A court need not determine whether counsel's performance was deficient before examining the prejudice suffered by the petitioner as a result of the alleged deficiencies. Strickland, 466 U.S. 668, 697, 104 S.Ct. 2052, 2074 (1984). Since it is necessary to prove prejudice, any deficiency that does not result in prejudice must necessarily fail. Ineffective assistance of counsel claims are analyzed under the "unreasonable application" prong of Williams v. Taylor, 529 U.S. 362 (2000). Weighall v. Middle, 215 F.3d 1058, 1062 (2000).

Here, the California Court of Appeal's decision denying Claims One through Five is not an unreasonable determination of the Supreme Court's Strickland decision, nor is it an unreasonable determination of the facts in light of the decision. 28 U.S.C. § 2254. Claims One through Five all relate to Petitioner's argument that trial counsel was ineffective for failing to present his mental condition as a defense at trial. The Court of Appeal reasonably determined that Petitioner has failed to present or point to any evidence which supports his claim that his mental condition would have been a viable defense at trial. See e.g. James v. Borg, 24 F.3d 20, 26 (9th Cir. 1994) (rejecting ineffective assistance of counsel claim stating, "conclusory allegations which are not supported by a statement of specific facts do not warrant habeas relief"); United States v. Smith, 924 F.2d 889, 896 (9th Cir. 1991) ("[U]nsupported and conclusory claims are not sufficient to show error."). Moreover, there was ample evidence of Petitioner's specific intent. Petitioner watched the victim enter the restroom and when she was inside the restroom alone, he entered the room and turned off the light. (RT 841-867.) Petitioner took off his clothing and proceeded to kiss the victim. (RT 841-842.) Petitioner touched the victim on her hips making her scared. (RT 844-845.) Petitioner continued to touch her private parts, including her chest, and gave her a hickey on her neck. (RT 872-873, 882, 910, 1102, 1107-1109, 1114, 1124-1125, 1127.) She tried to push Petitioner away but he pushed her to the ground, put his penis close to her private area and tried to put it inside her. Petitioner also told the victim that he wanted to hurt her. (RT 867, 887-880, 900, 909-910.)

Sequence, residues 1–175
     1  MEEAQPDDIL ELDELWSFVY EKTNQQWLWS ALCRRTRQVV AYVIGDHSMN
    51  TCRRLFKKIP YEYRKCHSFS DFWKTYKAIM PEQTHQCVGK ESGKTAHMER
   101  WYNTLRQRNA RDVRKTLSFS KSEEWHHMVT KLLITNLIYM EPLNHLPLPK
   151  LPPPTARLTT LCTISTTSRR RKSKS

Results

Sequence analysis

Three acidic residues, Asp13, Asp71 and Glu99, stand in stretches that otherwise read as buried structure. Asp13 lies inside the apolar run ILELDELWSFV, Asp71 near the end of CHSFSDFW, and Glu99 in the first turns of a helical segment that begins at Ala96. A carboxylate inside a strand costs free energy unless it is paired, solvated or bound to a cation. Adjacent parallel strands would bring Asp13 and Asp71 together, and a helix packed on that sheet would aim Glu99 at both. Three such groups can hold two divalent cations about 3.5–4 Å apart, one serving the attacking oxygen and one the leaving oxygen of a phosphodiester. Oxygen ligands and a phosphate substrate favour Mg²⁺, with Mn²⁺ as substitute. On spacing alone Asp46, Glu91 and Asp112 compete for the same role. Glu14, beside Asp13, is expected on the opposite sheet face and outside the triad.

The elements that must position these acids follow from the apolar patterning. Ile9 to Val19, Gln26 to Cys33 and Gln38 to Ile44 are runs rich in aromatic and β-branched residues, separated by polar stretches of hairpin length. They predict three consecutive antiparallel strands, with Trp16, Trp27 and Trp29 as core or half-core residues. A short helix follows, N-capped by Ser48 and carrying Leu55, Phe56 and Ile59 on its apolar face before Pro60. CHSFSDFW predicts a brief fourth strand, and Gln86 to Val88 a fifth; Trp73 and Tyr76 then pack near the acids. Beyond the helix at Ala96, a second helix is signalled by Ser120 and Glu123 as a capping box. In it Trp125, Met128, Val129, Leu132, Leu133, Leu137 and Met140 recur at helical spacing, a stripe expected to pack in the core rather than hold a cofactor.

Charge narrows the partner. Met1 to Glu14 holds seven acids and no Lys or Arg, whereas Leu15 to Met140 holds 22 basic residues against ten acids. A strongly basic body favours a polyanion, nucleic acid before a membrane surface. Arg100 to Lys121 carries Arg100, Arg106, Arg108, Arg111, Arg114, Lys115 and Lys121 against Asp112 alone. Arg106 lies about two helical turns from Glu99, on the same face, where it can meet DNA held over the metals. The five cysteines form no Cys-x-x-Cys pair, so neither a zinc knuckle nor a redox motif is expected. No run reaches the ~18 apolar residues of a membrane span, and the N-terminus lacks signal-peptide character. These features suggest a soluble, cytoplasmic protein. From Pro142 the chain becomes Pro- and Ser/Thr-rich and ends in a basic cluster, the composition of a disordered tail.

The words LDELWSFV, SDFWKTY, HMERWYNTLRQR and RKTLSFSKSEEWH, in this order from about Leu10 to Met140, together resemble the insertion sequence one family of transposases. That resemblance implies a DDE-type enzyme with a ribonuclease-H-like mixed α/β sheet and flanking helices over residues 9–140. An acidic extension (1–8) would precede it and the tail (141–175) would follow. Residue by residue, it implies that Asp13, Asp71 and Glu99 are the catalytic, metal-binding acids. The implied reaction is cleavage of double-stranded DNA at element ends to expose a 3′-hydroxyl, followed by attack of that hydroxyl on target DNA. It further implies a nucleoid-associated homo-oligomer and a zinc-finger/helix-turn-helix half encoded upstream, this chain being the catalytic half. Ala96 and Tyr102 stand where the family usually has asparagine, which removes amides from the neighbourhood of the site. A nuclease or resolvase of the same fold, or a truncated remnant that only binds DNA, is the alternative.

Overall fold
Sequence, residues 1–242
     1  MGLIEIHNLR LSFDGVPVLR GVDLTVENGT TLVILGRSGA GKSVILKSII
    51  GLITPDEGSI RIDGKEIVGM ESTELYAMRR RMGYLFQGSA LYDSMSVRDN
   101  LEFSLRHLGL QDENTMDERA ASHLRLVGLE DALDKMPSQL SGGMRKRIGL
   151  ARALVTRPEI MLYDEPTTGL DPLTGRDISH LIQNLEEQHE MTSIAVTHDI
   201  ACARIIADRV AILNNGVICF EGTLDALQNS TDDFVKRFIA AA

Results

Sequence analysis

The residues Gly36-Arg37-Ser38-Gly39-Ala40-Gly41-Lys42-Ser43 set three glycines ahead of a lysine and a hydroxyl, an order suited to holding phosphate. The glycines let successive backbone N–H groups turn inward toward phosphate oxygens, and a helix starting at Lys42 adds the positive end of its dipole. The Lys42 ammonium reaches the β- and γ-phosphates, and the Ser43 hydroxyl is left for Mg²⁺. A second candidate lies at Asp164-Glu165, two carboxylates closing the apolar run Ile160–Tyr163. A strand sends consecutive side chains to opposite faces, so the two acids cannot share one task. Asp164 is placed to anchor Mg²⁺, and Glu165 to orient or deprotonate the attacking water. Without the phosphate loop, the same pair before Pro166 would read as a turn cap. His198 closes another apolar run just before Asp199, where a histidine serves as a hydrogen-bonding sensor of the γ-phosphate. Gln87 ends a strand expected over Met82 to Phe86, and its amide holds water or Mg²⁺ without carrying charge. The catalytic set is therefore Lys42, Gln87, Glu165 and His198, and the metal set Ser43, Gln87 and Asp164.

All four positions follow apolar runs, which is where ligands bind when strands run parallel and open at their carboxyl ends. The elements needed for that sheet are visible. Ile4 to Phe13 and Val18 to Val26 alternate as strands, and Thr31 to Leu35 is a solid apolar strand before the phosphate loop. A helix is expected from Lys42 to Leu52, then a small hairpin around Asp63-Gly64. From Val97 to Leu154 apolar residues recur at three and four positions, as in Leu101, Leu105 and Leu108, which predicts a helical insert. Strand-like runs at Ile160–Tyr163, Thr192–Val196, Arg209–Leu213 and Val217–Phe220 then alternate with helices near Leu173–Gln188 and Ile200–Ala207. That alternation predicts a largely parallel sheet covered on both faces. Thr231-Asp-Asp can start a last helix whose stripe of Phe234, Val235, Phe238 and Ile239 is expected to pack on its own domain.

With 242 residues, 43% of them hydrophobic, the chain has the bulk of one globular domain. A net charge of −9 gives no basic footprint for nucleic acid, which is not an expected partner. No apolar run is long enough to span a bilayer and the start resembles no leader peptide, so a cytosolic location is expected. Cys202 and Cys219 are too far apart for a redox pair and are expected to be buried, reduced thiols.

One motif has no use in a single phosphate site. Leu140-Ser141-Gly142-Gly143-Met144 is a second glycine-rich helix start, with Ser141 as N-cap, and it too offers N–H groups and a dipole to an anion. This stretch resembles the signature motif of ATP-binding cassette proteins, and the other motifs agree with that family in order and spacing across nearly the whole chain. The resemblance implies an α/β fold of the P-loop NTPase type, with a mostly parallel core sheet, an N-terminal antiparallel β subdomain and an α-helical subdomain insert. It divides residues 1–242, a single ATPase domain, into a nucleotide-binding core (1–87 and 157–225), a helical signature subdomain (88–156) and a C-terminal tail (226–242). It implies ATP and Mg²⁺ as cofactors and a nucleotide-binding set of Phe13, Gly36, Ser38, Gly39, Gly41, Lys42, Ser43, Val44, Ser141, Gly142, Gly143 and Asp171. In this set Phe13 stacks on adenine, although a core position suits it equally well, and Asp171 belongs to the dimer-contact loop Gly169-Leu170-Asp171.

Evidence was admitted that Petitioner had previously committed two prior sexual offenses. (RT 1132, 1152-1154, 1158.) Based on the strong evidence to support Petitioner's conviction, the Court of Appeal's conclusion that Petitioner had not established prejudice was not unreasonable. Thus, there is no possibility that "fairminded jurists could disagree" on the correctness of the state court decision. Richter, 131 S.Ct. at 786.

The California Supreme Court's denial of Claim Six is also not objectively unreasonable. Petitioner fails to identify any statement he contends should have been admitted to impeach the victim. In fact, on cross-examination, defense counsel elicited from the victim that when she was at Costco when she was younger, a boy took her to his car and starting touching her. (RT 894-895, 902.) Petitioner's claim that counsel further failed to exclude certain unidentified statements he allegedly made is not supported by the record. The record demonstrates that defense counsel did object to statements by Petitioner being admitted at trial and the court reserved ruling on the issue until further proceedings. (RT 748-759.) No such statements were ever admitted at trial, and Petitioner's claim to the contrary is without merit. Therefore, Petitioner has failed to demonstrate that his counsel's performance was deficient and there is no reasonable probability that, but for counsel's unprofessional errors, the result would have been more favorable. Accordingly, the state court's decision denying the claim was not objectively unreasonable. 28 U.S.C. § 2254.


Based on the foregoing, it is HEREBY RECOMMENDED that:

1. The instant petition for writ of habeas corpus be DENIED; and

2. The Clerk of Court be directed to enter judgment in favor of Respondent.

This Findings and Recommendation is submitted to the assigned United States District Court Judge, pursuant to the provisions of 28 U.S.C. section 636 (b)(1)(B) and Rule 304 of the Local Rules of Practice for the United States District Court, Eastern District of California. Within thirty (30) days after being served with a copy, any party may file written objections with the court and serve a copy on all parties. Such a document should be captioned "Objections to Magistrate Judge's Findings and Recommendation." Replies to the objections shall be served and filed within fourteen (14) days after service of the objections. The Court will then review the Magistrate Judge's ruling pursuant to 28 U.S.C. § 636 (b)(1)(C). The parties are advised that failure to file objections within the specified time may waive the right to appeal the District Court's order. Martinez v. Ylst, 951 F.2d 1153 (9th Cir. 1991).